Consistency: Runners generally take 10 years of consistent training before they will start hitting their plateau. Yet there is a cycle that training undergoes. Most marathoners learn how to peak. The Colorado Rockies seemed to do this almost perfectly, up until they meet Boston . But peaking exactly right is difficult.

A shorter distance racer generally only has about 4-6 weeks at peak levels. I suspect pitchers, like distance runners, benefit from peaking. Both need some time between performances, because the intensity is taxing. In a trading room a rotation of limit levels, who is the pitcher, for the day may bring more success; perhaps even a clean-up man for the end of volatile days.

A few Vic did not mention:

Intensity: What really made Bannister break the 4:00 barrier first IMO, was his difficult doctoral schedule made him stumble onto interval training. These are periods of training more intense than you get in racing and are more intense by faster, and by longer distances than the race. To achieve this you put breaks in between intervals.

Also, now that I am not racing regularly, I find that the intense workouts are often the least enjoyable and first to go. Yet, racing without them will never go well and often leads to the blow-up injury.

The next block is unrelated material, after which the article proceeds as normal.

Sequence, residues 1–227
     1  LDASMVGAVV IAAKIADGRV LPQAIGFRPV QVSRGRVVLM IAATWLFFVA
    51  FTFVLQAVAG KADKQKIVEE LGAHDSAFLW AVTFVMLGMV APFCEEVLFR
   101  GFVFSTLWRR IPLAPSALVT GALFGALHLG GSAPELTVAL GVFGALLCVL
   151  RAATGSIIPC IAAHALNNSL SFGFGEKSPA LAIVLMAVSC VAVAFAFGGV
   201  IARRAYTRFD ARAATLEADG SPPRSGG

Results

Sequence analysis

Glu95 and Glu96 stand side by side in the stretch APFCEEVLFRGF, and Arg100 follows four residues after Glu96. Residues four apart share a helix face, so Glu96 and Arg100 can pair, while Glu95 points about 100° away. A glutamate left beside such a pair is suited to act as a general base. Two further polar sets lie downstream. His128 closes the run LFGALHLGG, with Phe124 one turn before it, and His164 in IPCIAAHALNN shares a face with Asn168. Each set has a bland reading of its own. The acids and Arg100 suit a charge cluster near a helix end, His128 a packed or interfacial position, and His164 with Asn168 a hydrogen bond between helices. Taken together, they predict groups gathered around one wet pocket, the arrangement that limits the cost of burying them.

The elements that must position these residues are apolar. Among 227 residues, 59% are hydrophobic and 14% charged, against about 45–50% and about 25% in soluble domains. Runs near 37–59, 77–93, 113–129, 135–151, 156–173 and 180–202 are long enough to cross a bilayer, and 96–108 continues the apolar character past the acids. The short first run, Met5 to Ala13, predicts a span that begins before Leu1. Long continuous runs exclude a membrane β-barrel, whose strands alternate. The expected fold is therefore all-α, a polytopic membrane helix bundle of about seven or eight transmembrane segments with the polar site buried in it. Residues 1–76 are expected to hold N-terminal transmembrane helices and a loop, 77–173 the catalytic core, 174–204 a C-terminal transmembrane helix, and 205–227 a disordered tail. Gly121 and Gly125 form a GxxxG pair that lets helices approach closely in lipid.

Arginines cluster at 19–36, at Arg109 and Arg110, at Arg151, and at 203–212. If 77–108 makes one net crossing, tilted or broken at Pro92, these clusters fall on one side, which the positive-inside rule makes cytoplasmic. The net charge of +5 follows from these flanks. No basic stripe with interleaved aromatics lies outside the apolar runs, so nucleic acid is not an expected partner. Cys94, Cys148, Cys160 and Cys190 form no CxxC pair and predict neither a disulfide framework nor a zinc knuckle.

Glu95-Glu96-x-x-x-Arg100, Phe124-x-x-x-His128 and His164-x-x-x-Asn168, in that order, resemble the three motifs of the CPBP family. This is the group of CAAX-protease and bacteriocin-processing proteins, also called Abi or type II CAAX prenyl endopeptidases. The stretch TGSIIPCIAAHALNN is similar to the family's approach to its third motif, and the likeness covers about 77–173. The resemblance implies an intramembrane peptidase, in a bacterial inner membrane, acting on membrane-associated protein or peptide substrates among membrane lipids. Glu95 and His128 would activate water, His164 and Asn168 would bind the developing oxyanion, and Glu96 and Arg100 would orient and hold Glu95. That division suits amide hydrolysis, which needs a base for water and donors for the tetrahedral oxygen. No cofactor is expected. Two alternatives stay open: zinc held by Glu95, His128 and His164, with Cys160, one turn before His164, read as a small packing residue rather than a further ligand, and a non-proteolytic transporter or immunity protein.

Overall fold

Traders recently have gone through low vol, to high vol and irrational markets. This usually produces a few blow-ups. Perhaps, training for higher intensity levels, and a rotation of schedule can help.

Keeping the Fun in it: Many of my college friends are now fat and lazy. Alberto Salazar, perhaps the most gifted runner in the late 70's early 80's, now a coach with NIKE, recently had a heart attack at only 50. Running and training can quickly change from a pleasure to a job. For the trader/entrepeneur family sometimes it takes a couple of generations before they lose the libertarian/free market spirit… sometimes it takes half a career to go from hardcore to soft.

Drug cheating is another sign of too much pressure, not enough fun. When I hear of a endurance athlete dying while racing or training from apparent heart failure, EPO comes to mind. If you get dehydrated while cheating on EPO your blood turns to sludge.